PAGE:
Report: Stimulus money for IT may boost hardware sales, too

By Bernie Monegain
10:05 AM

A new report by Kalorama Information concludes that federal stimulus funds to increase the use of healthcare IT will also boost hardware sales.

The New York-based research firm expects hardware sales to increase by nearly 11 percent annually through 2013.

According to Kalorama, as the Obama administration provides incentives to push doctors and hospitals to upgrade their healthcare IT solutions, there will be a greater need to replace antiquated computer hardware with newer, more powerful systems that can support the vast amounts of information created by EMR, wireless, RFID, electronic physician order entry (CPOE) and other advanced software that is rapidly being adopted.

"Healthcare Computer System Markets and Trends in HIT Buying" notes that approximately 56 percent of the nation's healthcare organizations have increased their IT department budgets for 2009 despite the recession.

While discussions have mainly focused on healthcare IT software applications, Kalorama also sees an opportunity in healthcare for hardware providers.Hardware sales represent about 23 percent of healthcare computer system sales, or $1.11 billion. This figure doesn't include software or services, which are also anticipated to grow.

With increased investment in healthcare IT, Kalorama expects spending on this sector to grow at a faster pace than IT spending as a whole in the near term, or about 10.7 percent annually through 2013. These sales are usually made by companies such as McKesson or Eclipsys who buy from hardware manufacturers and package systems to meet the needs of healthcare entities.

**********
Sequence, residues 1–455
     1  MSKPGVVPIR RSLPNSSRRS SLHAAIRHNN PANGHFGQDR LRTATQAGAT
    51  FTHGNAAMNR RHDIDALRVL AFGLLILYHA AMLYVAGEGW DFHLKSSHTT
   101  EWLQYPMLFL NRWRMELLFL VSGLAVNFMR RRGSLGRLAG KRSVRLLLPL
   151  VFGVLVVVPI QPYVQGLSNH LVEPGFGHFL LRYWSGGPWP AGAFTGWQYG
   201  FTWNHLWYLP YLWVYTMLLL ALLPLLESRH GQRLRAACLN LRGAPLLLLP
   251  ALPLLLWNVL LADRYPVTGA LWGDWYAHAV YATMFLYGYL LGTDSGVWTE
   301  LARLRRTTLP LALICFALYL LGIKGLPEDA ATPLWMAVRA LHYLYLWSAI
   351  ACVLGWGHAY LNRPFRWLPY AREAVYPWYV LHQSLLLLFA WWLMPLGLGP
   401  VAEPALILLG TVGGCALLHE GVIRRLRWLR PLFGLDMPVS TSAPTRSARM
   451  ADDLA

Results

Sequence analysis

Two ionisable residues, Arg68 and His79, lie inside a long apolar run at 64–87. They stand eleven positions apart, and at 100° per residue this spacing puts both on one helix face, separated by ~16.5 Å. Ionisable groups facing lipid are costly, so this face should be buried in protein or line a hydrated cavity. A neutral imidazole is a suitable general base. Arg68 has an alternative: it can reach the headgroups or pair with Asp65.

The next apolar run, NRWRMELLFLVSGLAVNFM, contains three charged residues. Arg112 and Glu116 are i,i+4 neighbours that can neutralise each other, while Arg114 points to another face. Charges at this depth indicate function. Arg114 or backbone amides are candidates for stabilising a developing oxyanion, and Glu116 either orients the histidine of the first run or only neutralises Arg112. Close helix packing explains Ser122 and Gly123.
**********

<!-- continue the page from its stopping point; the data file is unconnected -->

"The EMR incentives in ARRA are aimed at software, but they will open up conversations between customers and vendors for new IT spending, and hardware will be part of that," said Melissa Elder, an analyst with Kalorama Information and author of the report. "The top IT-related technologies and applications that physicians and facilities are focusing on include identity management, bar coding technology, speech recognition and handheld personal digital assistants (PDA). All of these will require investment in new hardware."
A wide range of hardware is available for hospitals, health clinics, pharmacies and other health facilities, including workstations, servers, PDAs, tablet PCs, carts on wheels and networking hardware. Given the demands of the hospital environment, healthcare IT hardware must be tailored to withstand a rigorous and sanitary environment.

Some portable devices are also being built to withstand a drop of up to three feet. In May, Tangent announced the launch of the new MCA Medix 10T touchscreen tablet PC. It runs Windows, has a water- and dust-resistant exterior for disinfection and runs without a fan.

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